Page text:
One main finding in this study was that the increase in job satisfaction over a period of five years only occurred among those who changed job position over this period, even when we controlled for changes in work hours and work-home interface stress over the same period. As expected, the physicians who changed position from being senior house officers experienced an increase in job satisfaction. Interestingly, also physicians other than senior house officers experienced an increase in job satisfaction after changing job position.
This study is in line with previous studies that show a higher level of job satisfaction among general practitioners than among hospital doctors in Norway [6–8]. Norwegian health-care services were reformed in recent years with more cost- and consumer-based alternatives for hospital doctors provided by the Norwegian hospital reform of 2002 [25, 26] and the establishment of a patient-list general practice outside of hospitals in 2001 . A study in 2010 showed that these reforms had little impact on physician job satisfaction, and the article concluded that it seemed likely that physician job satisfaction was based more on internal values than external changes . Whether a physician is employed or self-employed has been shown to be of importance to the physicians' satisfaction in the U.S. Employed physicians were more satisfied with leisure and family time  and with their profession and access to resources . In Norway, most general practitioners and private practice specialists are remunerated by a combination of fee for service (60%) and capitation (40%), whereas most doctors working in hospitals are employed by the state owned health trusts, which complicates direct comparisons between e.g. the U.S. and Norway.
Job insecurity among senior house officers may be relevant in explaining their lower satisfaction at T1, and they may have experienced greater satisfaction when they changed to more secure and permanent jobs (e.g. as chiefs specialists). This may also be related to natural course of career over the years, such as higher perceived competence and autonomy, increased wages etc. at T2 .
All other physicians who change job position also experience an increase in job satisfaction, even when we have controlled for work-home stress and work hours. The gravitational hypothesis from 1972 [31, 32] predicts that individuals will gravitate toward jobs that best fit their ability level. This may be a good explanation for the higher satisfaction experienced by physicians who changed jobs in our study. The physicians who changed job position were less satisfied in their job at T1 compared with their colleagues, but they were equally satisfied at T2 after they moved to a new job. A longitudinal study from 1996 supports the gravitational hypothesis . Other studies have shown that physicians whose work conditions fitted their preferred work situations and work hours experienced less burnout than their colleagues [34, 35]. Previous reports suggest there is a connection between change in job position and job satisfaction [36, 37], but to our knowledge the present study is the first to show this in a representative sample of physicians.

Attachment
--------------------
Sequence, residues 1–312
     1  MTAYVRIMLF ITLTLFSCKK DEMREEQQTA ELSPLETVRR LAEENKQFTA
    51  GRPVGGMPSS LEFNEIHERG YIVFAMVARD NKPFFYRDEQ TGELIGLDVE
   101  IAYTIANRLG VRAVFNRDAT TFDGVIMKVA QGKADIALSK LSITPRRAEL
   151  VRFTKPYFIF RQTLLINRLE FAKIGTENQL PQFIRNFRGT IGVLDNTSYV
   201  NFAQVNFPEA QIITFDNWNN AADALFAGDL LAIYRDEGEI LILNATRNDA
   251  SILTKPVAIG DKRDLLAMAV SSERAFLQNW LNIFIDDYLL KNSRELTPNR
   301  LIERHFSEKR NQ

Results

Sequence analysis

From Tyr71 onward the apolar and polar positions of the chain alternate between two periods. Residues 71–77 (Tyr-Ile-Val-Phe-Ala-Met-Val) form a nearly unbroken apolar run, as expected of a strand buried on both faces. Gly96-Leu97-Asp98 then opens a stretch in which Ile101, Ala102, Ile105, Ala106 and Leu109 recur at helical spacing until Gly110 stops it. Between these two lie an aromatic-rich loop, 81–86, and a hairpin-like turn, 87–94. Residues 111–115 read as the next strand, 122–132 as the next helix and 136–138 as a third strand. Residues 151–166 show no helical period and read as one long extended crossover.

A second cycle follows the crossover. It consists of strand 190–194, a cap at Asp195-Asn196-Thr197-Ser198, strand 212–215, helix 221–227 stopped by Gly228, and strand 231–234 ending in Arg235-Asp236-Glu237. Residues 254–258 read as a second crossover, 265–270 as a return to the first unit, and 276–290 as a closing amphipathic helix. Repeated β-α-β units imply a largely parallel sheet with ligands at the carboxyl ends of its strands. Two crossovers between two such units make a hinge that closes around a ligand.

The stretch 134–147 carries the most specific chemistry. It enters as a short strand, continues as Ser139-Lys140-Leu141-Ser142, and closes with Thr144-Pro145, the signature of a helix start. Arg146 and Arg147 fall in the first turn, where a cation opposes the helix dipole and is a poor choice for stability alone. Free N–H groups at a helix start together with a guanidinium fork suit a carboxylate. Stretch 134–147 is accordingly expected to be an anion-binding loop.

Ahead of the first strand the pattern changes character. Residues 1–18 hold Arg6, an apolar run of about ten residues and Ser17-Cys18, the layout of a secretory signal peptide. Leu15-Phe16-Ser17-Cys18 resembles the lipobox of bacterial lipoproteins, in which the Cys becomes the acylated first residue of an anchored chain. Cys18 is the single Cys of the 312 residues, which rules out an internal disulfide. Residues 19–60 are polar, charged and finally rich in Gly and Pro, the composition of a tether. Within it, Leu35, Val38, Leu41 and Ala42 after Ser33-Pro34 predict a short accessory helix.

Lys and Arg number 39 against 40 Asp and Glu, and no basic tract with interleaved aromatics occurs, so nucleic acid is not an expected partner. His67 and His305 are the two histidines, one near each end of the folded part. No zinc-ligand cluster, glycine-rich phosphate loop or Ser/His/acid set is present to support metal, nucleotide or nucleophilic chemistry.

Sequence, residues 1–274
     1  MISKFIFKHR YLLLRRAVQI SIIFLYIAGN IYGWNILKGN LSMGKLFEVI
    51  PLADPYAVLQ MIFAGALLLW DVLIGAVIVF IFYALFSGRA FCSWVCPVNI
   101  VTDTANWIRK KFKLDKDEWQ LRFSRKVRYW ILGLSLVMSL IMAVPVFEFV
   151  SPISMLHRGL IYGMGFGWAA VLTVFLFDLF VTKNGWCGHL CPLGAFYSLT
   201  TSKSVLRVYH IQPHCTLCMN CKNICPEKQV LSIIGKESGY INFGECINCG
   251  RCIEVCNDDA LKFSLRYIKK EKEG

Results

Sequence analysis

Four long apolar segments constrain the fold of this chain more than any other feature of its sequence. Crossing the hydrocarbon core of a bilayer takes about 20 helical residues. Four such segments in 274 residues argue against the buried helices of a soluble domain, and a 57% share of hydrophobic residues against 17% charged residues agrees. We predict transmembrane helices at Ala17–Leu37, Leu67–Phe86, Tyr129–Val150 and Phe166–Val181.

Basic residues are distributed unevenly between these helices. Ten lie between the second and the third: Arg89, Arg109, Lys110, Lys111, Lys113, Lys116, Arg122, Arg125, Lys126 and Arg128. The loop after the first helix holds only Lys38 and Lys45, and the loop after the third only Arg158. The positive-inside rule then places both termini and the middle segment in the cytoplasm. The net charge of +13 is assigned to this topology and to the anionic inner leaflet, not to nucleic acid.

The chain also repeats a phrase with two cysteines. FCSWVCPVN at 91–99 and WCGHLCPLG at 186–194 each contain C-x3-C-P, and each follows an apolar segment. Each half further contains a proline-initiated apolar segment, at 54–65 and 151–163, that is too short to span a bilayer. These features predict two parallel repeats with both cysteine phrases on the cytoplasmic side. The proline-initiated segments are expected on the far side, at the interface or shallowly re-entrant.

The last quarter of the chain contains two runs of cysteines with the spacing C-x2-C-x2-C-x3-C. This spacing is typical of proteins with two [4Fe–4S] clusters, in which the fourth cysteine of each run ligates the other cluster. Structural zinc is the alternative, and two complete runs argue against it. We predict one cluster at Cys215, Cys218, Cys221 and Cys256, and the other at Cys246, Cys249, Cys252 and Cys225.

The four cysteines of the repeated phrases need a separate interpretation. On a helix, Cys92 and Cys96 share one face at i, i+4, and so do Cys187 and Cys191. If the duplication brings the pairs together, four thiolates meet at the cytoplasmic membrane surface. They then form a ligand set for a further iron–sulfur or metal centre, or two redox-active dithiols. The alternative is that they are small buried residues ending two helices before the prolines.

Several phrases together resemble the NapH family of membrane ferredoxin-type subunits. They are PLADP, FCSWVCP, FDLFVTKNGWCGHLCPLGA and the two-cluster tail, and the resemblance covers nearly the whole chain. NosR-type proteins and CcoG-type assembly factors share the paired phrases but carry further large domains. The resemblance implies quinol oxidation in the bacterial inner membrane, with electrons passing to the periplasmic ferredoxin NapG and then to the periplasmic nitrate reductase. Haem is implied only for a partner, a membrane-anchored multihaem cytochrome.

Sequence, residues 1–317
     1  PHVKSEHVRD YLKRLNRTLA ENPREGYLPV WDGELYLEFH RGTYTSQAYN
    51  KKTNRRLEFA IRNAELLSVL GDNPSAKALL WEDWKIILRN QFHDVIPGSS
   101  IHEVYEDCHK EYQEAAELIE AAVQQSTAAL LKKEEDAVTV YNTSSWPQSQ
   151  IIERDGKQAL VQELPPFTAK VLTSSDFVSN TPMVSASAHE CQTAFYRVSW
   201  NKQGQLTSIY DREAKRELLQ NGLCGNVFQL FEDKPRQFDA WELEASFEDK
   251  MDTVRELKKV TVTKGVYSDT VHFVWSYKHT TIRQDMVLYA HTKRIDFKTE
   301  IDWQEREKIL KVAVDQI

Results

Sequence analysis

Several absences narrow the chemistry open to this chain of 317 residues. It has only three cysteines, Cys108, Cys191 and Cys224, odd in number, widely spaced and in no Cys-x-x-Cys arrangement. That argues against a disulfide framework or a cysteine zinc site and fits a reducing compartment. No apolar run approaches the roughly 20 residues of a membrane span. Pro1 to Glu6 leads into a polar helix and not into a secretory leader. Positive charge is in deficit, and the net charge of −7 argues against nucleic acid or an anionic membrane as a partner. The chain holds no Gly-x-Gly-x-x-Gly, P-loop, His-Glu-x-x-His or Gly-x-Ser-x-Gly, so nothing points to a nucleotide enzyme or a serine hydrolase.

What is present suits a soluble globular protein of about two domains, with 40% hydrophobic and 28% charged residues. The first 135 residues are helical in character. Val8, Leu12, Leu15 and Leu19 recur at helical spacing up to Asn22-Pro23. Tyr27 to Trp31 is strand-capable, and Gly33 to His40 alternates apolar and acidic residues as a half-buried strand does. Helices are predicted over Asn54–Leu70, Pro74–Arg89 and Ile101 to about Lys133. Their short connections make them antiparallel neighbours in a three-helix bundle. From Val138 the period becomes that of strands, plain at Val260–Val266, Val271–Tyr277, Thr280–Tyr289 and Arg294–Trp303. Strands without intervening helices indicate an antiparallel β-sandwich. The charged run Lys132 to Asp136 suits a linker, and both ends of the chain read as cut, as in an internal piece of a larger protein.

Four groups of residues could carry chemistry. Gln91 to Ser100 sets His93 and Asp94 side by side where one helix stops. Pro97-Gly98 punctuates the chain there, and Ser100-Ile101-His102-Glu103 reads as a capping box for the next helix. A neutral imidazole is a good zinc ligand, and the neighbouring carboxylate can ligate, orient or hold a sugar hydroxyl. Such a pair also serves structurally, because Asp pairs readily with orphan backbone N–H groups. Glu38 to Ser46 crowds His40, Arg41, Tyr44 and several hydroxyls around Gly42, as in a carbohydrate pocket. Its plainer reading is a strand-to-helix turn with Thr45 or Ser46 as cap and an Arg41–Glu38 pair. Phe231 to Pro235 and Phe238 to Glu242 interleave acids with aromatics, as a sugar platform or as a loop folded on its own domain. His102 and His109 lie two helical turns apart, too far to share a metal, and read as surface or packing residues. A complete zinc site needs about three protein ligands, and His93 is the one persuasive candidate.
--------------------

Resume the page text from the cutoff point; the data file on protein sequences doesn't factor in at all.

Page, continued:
Our findings may have important implications for understanding physicians' career choices. First, those who experience low satisfaction with their work might find that a change in position induces greater well-being at work. Second, this principle may be valid beyond the natural career shift experienced by physicians in training, because any change in position appeared to entail higher levels of work satisfaction. Third, explicit career counselling and advice should be a focus of medical associations and those who care for a doctor's well-being. Advice and counselling should involve helping the physicians finding jobs where they can experience most possible fit early in their career. This is a challenging task in an ongoing changing profession with both intrinsic and extrinsic stressors , but nevertheless very important. Understanding the physicians' background, personality characteristics, the teaching program they have followed in medical school, their role models and other factors influencing their career path so far might help the advisers lead the physicians in the right direction [39, 40]. Also more exposure to variety of different specialities might help physicians find the position that best fits them at an earlier point in time . If a doctor is not satisfied in his/her job, career advice should also involve suggestion regarding potential change in job position, which might lead to an increased job satisfaction. The importance of career counselling and advice has been emphasized by other authors [29, 30, 42–44], but the empirical foundation for giving such advice is strengthened by the present study.